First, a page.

Thursday, October 17, 2013

Judgment raising more controversies than answers


 
COMMENT The Court of Appeal judgment in favour of the government on the use of the word 'Allah' was done at the expense of limiting fundamental human rights guaranteed by the federal constitution. 

Such rights are now subject to Islamic dictates. The appellate court did this by throwing out all the six orders made by the High Court of Malaya in Kuala Lumpur four years ago, which allowed the Catholic weekly The Herald to use the word ‘Allah’ to refer to God.

Constitutional lawyer Dr Abdul Aziz Bari said the Court of Appeal was wrong in its decision banning The Herald from using the word ‘Allah' to refer to God in its Bahasa Malaysia edition.

“By linking religious rights under the chapter on fundamental liberties with Article 3(1) of the federal constitution, which effectively makes Islam the benchmark for everybody, this runs counter to the general meaning of Article 3(1) of the federal constitution itself,” Aziz Bari was quoted as saying.  

Christian theologian Dr Ng Kam Weng, director of the Kairos Research Centre, said the judgment is flawed as the court had used selective and non-authoritative quotes from the Internet as authority for determining whether the word ‘Allah’ is exclusive to Islam.

“An ill-informed judgment can only result in loss of public confidence in the integrity of the judiciary. People have reasons to wonder if justice is poorly served by an Appeal Court judgment based on inept Internet research,” Ng said.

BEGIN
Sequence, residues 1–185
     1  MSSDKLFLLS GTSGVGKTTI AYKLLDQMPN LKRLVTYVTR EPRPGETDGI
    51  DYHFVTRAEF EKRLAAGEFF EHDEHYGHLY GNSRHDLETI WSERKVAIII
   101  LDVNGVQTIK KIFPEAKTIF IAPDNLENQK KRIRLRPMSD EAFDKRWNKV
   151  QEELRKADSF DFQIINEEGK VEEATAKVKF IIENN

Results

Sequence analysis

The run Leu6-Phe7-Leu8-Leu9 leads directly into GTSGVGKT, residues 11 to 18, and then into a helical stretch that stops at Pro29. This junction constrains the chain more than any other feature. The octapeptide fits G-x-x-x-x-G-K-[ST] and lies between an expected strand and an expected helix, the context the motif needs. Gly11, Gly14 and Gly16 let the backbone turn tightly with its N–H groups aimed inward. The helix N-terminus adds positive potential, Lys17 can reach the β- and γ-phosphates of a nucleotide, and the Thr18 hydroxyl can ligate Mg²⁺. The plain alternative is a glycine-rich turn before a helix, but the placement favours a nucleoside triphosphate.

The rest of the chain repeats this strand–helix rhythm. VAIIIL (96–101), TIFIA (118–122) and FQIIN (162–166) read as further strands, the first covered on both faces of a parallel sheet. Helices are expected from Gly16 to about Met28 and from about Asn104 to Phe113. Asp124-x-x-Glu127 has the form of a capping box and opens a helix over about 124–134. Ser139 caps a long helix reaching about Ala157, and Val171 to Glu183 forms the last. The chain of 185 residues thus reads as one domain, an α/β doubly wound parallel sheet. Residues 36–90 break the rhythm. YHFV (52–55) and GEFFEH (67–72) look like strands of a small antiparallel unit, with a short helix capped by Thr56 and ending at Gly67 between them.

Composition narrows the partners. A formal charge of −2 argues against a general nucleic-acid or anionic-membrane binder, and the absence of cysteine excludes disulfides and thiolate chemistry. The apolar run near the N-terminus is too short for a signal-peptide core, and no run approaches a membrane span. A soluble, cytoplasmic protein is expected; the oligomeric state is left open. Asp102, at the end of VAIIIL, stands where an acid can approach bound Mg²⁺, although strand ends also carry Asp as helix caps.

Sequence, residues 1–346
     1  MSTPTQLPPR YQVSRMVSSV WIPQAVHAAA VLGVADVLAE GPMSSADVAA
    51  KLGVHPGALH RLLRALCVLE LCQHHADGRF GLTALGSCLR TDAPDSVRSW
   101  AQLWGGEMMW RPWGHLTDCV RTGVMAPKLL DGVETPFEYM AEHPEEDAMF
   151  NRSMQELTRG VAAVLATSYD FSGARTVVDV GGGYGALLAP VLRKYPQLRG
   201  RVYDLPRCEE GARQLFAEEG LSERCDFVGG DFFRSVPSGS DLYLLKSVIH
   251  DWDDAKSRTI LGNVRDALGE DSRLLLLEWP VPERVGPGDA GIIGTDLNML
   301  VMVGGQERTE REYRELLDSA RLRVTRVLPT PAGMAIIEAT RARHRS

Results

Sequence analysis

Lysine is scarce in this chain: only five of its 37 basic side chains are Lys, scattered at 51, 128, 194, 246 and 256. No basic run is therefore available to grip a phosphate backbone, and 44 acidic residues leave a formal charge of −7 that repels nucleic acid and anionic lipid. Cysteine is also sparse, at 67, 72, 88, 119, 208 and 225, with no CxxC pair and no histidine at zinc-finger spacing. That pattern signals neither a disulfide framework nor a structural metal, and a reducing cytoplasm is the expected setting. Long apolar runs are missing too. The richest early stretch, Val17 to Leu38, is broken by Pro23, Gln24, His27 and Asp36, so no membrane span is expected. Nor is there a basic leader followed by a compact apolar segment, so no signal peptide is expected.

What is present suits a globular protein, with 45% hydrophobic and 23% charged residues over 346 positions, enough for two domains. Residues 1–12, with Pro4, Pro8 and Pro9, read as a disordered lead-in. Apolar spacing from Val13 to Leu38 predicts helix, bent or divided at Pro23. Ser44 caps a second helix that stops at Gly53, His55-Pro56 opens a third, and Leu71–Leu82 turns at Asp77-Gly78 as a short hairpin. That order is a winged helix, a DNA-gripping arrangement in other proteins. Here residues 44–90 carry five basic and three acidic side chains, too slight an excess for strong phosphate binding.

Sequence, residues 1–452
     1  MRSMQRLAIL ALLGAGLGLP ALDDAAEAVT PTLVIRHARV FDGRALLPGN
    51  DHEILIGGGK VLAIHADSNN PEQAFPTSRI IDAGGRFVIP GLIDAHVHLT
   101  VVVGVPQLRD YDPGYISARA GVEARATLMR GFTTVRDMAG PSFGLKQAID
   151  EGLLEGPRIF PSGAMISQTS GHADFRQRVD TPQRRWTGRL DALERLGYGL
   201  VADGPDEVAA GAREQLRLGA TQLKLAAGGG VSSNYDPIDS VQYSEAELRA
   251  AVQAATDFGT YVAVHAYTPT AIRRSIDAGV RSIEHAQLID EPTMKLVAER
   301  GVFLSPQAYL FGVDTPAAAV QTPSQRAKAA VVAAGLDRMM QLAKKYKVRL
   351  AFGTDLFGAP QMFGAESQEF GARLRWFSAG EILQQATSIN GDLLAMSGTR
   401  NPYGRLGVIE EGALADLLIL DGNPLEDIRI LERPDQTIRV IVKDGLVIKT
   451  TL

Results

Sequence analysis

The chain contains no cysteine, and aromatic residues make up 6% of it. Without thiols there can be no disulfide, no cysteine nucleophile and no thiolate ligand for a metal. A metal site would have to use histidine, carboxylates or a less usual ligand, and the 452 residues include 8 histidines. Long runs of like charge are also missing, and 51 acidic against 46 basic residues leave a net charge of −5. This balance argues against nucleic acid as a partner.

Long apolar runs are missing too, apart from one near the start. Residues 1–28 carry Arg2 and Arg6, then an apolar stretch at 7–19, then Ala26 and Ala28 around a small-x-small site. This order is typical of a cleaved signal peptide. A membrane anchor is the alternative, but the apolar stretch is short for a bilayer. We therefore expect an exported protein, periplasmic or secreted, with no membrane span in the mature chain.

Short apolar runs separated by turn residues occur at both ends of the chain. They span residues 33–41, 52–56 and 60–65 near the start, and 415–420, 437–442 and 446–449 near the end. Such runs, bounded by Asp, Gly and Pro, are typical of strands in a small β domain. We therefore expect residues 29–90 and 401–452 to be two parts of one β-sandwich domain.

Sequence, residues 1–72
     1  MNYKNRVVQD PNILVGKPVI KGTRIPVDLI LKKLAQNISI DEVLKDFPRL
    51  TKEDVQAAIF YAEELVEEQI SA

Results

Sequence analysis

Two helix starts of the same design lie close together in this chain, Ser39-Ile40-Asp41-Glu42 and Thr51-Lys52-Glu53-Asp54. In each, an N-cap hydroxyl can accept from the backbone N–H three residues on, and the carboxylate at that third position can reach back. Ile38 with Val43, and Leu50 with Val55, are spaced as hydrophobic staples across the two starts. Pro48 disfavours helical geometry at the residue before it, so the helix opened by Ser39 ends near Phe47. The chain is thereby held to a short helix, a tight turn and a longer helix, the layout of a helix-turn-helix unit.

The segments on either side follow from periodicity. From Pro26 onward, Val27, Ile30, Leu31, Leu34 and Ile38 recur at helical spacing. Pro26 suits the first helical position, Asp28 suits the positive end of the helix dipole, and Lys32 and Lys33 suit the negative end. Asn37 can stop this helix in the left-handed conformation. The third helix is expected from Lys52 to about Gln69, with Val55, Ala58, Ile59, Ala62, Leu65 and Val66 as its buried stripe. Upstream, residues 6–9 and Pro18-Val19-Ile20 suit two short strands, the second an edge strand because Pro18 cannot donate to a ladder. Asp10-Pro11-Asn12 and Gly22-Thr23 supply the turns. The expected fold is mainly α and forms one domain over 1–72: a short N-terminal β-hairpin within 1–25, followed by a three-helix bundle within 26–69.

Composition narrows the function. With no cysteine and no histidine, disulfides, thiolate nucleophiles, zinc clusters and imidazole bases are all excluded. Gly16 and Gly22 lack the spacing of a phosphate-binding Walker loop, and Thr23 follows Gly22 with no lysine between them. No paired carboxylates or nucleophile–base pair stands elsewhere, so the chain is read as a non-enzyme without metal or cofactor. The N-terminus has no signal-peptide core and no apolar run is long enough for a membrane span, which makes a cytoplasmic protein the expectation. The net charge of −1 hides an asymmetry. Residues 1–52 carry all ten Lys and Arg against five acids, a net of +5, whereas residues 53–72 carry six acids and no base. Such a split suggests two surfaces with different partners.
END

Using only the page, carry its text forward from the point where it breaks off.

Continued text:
Perkasa president Ibrahim Ali welcomed the ruling and warned non-Muslims not to be provocative, while his vice-president, Zulkifli Noordin, said the Al Kitab, the Bible in the Malay language, could continue to be distributed as long as it does not contain 32 words, including ‘Allah’, as prohibited by the various state enactments.

NONEPAS Parit Buntar MP Mujahid Yusof Rawa (left) said the Court of Appeal decision indicated thatinterfaith relations are moving backwards and he blamed right-wing forces for the woeful situation.

“These are people who are not able to understand the need for interfaith relationships. They were given attention (by government media) as if they represent the whole (Muslim) society, which is not the case,” he said.
Association of Churches in Sarawak chairman Archbishop Rev Bolly Lapok said bumiputera churches in Sarawak and Sabah will defy the decision and continue to call their God ‘Allah’.

The Herald editor Father Lawrence Andrew said they would file an appeal to the Federal Court.

Six orders made by High Court

The Court of Appeal comprising Abdul Aziz Abdul Rahman, Mohd Zawawi Salleh and  Mohamed Apandi Ali ruled in favour of the government on Monday (Oct 14) and struck out all six orders made by the High Court of Kuala Lumpur in favour of The Herald on Dec 31, 2009.

The six orders were:
1. The government’s decision not to allow The Herald to use the word Allah is illegal, and null and void.
2. Under Article 3(1) of the federal constitution, The Herald has the constitutional right to use the word Allah.
3. Although under Article 3(1) Islam is the official religion but the government cannot prohibit The Herald from using the word Allah.
4. The Herald has the constitutional right to freedom of speech and expression to use the word Allah under Article 10.
5. In exercising its rights to freedom of religion under Article 11,The Herald has the constitutional right to use the word Allah.
6. Under Article 11 and Article 12, The Herald has the constitutional right to use the word Allah for the instruction and education of the Catholic congregation in the Christian religion.

The Court of Appeal said, “It is our considered finding that the minister has not acted in any manner or way that merit judicial interference on his impugned decision.”

The judgment said the minister by imposing a condition prohibiting the use of the word ‘Allah’ on The Herald did not infringe any of its constitutional rights.